Gov. Kevin Stitt has signed a bill to remove an office tasked with investigating complaints for vulnerable people in state care from Oklahoma Human Services. 

Stitt signed the bill Thursday to move the Office of Client Advocacy to the State Health Department. The office investigates complaints of mistreatment of children in state custody and clients receiving developmental disability services. Lawmakers sent the bill to Stitt’s desk after abuse allegations at the Robert M. Greer Center in Enid.

The Greer Center treats people with developmental disabilities and behavioral health conditions. At least eight Greer staff members have been charged since November on allegations of systemic caretaker abuse of residents. 

Read more: Troubled Enid center for people with developmental disabilities went years without a state advocate on site full-time

The Office of Client Advocacy, which has dozens of investigators and supervisors, is responsible for investigating mistreatment at the Greer Center. The office was looking into abuse allegations months before they became public, but lawmakers said the office didn’t do enough to take care of the people living at the facility. 

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The advocacy office once reported directly to the director of Oklahoma Human Services, which advocates and lawmakers say made it better able to perform independent investigations. But a change under Stitt-appointee Justin Brown, who led Oklahoma Human Services from June 2019 to July 2022, moved the office under the director of adult services at the agency.

Senate Health and Human Services Committee Chair Paul Rosino, R-Oklahoma City, wrote the bill to relocate the office and hopes the change will improve the investigative process. 

“It is our duty to protect those who can’t protect themselves,” Rosino said in a press release Friday praising the governor for signing the bill. “After hearing of the torturous acts that were committed at the Greer Center, I immediately began working to put protections in place to make sure this never occurs again.”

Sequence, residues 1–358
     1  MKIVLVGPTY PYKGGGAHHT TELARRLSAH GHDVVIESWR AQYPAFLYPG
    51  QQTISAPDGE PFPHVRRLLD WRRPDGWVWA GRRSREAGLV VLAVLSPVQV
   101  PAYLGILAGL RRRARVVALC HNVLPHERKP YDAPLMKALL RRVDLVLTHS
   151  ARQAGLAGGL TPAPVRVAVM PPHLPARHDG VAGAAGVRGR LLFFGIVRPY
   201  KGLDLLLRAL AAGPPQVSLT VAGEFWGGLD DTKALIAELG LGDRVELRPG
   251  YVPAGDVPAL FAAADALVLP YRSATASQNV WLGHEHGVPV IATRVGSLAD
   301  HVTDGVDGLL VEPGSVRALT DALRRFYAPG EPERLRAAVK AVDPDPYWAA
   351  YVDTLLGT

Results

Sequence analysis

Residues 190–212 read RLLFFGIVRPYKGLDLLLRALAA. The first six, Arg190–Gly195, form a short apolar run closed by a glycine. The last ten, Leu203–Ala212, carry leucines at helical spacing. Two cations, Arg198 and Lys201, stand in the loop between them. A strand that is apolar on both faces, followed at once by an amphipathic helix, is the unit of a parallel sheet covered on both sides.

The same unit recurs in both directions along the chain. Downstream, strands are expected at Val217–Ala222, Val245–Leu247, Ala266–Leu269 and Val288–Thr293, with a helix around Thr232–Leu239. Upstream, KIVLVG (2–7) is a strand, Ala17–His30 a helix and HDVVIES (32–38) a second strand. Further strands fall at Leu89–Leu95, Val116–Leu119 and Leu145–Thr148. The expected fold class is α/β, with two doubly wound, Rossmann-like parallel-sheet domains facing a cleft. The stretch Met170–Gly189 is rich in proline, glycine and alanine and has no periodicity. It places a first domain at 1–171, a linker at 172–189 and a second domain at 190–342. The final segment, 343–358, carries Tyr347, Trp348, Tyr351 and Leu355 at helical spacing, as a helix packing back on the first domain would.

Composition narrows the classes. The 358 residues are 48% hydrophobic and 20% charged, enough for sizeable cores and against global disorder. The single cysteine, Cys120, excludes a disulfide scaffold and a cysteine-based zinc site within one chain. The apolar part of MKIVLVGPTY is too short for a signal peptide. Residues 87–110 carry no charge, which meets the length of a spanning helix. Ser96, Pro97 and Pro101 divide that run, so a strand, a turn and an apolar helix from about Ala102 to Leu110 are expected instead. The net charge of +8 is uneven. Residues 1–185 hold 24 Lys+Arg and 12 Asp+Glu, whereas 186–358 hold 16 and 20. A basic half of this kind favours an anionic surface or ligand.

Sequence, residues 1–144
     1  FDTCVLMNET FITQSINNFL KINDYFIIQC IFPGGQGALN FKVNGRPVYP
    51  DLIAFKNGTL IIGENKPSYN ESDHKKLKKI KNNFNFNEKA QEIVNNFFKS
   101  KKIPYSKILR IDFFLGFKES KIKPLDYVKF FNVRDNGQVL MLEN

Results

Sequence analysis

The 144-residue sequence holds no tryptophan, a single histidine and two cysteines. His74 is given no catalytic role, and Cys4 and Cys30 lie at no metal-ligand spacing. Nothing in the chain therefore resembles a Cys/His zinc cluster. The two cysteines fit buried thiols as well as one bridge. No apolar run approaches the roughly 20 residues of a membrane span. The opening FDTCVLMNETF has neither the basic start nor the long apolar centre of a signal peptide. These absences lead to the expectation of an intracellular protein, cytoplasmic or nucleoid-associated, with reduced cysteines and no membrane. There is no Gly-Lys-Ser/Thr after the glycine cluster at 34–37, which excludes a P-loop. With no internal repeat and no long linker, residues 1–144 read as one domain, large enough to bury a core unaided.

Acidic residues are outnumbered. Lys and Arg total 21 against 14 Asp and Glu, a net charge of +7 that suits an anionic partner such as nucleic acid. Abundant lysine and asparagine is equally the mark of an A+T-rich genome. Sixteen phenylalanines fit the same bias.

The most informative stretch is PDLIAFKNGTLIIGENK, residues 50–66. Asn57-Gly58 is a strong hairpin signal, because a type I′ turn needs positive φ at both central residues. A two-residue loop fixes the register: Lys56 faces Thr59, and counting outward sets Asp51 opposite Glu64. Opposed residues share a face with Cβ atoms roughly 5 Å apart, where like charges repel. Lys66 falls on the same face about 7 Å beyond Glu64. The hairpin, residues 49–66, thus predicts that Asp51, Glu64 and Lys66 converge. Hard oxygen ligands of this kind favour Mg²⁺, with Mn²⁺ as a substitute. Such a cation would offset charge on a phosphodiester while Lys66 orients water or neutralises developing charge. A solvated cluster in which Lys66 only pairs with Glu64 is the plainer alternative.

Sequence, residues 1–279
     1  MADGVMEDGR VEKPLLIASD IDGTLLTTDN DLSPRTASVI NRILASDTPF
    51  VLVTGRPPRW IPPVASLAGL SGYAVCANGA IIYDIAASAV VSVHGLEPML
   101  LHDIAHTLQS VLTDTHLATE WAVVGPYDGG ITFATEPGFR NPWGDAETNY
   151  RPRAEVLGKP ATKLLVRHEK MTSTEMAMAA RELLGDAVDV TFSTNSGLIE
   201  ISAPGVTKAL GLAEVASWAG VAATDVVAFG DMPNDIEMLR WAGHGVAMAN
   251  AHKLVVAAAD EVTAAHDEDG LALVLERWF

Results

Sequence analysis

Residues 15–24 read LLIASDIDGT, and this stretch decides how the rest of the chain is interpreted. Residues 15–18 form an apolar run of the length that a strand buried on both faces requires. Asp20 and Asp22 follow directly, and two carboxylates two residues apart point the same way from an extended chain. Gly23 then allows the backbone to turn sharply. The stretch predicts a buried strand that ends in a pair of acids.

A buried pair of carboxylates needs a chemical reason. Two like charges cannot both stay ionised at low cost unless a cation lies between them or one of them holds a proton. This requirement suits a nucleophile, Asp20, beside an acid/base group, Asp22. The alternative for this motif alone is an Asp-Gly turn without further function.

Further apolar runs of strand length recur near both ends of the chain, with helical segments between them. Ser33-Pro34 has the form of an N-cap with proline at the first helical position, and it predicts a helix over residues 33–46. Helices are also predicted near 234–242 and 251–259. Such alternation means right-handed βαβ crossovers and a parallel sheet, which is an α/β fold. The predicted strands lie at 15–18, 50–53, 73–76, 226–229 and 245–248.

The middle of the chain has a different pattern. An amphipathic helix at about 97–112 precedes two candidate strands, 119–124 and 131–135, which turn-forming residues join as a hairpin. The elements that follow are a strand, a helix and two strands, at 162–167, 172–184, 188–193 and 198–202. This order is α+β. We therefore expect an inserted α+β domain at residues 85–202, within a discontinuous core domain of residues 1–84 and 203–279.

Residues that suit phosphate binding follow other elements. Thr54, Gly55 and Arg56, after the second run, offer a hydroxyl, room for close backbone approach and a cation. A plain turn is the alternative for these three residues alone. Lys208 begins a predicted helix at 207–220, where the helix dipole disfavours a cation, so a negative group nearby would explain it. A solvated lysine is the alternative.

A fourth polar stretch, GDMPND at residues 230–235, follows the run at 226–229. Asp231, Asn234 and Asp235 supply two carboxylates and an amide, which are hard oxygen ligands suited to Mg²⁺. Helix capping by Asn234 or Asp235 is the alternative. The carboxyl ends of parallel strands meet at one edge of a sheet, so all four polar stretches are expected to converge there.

But some key lawmakers who focus on human services issues say the change won’t prevent abuse or expand investigations. The Health Department is already required to investigate complaints of abuse at the Greer Center. The agency investigated allegations of abuse at the Greer Center in 2021 and 2022 but didn’t find enough evidence to prove the complaints, according to state records reviewed by The Frontier

In a statement, the Health Department said the agency is “confident in its ability to execute this important function successfully.” The agency will take over the operations of the Office of Client Advocacy beginning Nov. 1. The advocacy office will reside in the agency’s existing Office of Accountability, a spokeswoman said, which reports directly to the state Commissioner of Health. 

Senate Bill 1709 also requires moving another Oklahoma Human Services office that investigates and resolves complaints involving long-term care facilities like nursing homes. The Long-Term Care Ombudsman Office will now operate under the Oklahoma Attorney General’s office.

An Oklahoma Human Services spokeswoman said the agency will work with the Health Department and the Attorney General’s office to make sure clients and families experience no service disruptions during the transition. 

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